Shooting landscapes at night is a great way to add variety and excitement to a landscape portfolio. Not many photographers are willing to venture out into the wilderness at night with their camera so it can really set you apart from the crowd.
Dramatic Long Exposures
Getting away from the artificial lights of the cities and towns and into the countryside is challenging in many ways. It’s a good idea to scout your locations in advance so that you know where you are going. Having an idea of the rough composition that you’re trying to shoot can be an advantage too, as it’s very hard to frame and focus through the cameras viewfinder at night. A powerful torch is also useful in this situation, using it to give your camera something to focus on and to finalise your composition.
For the beginner night landscape photographer filling the composition with a large proportion of sky can pay dividends. Unseen to the naked eye, the sky at night is full of beautiful clouds, colours and stars that can be picked up by a long exposure. Punching up the colours or even converting an image to black and white can increase the dramatic effect of a picture shot at night, it’s worth considering an online photography course in order to learn new post production techniques.
To shoot a traditional landscape at night requires an extremely long exposure, often between five and thirty minutes. You’ll need a sturdy tripod as well as either a remote release or the timer on your camera to prevent any movement ruining the shot. Noise can be introduced into digital images from these long exposure times, so it’s best to always shoot at the lowest ISO possible and be prepared to use a noise removal tool in post production.
When working with longer exposures it is well worth taking the time to do some test shots first with higher ISO and then recalculating your final image exposure times from those. There are plenty of exposure calculators to be found online or you could take an online photography course to brush up on your skills. Another way to ensure good results is to shoot RAW files, as they offer more latitude for pushing and pulling the exposure afterwards.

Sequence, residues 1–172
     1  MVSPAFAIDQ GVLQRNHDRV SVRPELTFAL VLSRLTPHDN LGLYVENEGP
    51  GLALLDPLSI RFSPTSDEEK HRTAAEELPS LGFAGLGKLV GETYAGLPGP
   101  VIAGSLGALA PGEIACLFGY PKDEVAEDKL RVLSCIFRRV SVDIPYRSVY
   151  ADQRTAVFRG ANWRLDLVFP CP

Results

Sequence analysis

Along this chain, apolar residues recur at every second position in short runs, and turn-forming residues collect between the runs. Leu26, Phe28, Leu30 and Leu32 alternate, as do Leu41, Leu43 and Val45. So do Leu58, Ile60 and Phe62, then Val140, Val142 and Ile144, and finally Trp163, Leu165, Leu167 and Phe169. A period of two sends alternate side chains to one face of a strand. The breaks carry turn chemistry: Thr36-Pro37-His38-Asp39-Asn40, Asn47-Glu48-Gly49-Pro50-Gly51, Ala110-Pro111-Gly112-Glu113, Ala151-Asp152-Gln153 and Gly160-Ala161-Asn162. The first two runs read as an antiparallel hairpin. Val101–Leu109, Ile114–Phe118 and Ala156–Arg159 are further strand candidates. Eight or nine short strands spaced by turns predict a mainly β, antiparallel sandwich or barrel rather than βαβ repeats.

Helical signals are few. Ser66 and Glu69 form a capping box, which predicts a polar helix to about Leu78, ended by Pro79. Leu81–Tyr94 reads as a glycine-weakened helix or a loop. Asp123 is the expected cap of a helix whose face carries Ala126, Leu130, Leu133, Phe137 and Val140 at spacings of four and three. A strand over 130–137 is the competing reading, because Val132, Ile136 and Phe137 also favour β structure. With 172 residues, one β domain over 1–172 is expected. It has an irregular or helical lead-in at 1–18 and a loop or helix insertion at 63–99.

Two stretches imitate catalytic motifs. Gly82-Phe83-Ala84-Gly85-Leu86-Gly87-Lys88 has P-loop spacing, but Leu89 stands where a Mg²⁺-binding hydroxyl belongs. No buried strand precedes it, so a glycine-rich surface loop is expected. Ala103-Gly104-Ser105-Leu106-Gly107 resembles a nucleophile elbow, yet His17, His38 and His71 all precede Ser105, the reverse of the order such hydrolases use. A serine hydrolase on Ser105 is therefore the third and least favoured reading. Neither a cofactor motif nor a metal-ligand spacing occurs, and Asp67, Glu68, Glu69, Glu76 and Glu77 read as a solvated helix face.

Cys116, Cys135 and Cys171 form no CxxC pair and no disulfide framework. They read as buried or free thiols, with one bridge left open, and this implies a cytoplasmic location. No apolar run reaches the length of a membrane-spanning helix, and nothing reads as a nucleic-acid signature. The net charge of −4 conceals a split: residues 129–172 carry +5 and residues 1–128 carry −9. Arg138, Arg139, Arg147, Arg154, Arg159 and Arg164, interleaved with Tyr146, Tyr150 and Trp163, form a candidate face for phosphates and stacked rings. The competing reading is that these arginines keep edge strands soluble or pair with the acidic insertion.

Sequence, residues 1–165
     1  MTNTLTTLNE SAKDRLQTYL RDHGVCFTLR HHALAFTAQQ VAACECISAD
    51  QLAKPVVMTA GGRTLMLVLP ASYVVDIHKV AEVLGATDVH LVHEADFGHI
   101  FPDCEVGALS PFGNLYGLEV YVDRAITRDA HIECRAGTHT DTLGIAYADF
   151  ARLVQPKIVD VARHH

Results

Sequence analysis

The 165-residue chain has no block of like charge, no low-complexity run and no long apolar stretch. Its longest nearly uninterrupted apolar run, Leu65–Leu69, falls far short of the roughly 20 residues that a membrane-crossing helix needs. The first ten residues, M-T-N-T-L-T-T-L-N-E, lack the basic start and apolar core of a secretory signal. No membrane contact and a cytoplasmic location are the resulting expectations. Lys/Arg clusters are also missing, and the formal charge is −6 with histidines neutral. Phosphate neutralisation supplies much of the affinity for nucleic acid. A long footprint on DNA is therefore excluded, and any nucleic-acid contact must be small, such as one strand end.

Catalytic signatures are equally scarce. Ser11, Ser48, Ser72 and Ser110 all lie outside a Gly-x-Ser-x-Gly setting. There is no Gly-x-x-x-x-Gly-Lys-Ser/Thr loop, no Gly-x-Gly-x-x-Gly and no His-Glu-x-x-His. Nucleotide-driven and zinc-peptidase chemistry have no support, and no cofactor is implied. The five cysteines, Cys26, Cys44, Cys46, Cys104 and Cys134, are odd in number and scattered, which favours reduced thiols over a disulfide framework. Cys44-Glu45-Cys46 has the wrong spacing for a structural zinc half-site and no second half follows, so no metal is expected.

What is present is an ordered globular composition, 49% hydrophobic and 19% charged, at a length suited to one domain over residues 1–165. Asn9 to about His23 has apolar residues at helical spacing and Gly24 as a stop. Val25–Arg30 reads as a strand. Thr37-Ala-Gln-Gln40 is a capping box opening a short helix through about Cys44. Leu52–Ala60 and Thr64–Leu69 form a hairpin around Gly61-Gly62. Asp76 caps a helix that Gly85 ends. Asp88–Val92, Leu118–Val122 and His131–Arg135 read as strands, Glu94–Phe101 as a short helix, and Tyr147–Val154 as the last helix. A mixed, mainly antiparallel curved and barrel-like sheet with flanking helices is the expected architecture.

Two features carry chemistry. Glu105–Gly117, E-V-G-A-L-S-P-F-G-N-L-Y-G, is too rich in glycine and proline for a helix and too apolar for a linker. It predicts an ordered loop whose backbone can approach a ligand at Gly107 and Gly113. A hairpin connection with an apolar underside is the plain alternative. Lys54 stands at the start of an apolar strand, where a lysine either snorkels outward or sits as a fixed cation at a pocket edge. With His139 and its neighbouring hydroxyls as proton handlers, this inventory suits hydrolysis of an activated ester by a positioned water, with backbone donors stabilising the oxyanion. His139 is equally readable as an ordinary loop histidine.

Once you’ve nailed the basic principles of long exposure night photography there’s scope to add variation to the theme. An easy way to highlight parts of the image would be to try light painting. With a powerful torch it is possible to light rock formations or features on the landscape and make them come to life in the darkness. Expect to take many images and stay up most of the night to get the perfect shot, but the results can be absolutely stunning and well worth the lack of sleep.
Alternatively try taking your camera and tripod into the city and shooting the urban landscape at night. Streetlights, building lights and vehicle lights can come together with spectacular results and the urban glow in the sky and lend interesting backdrops to the scenes. Don’t be afraid to experiment with dramatic and abstract framing for this one, architectural images can often benefit from brave compositions.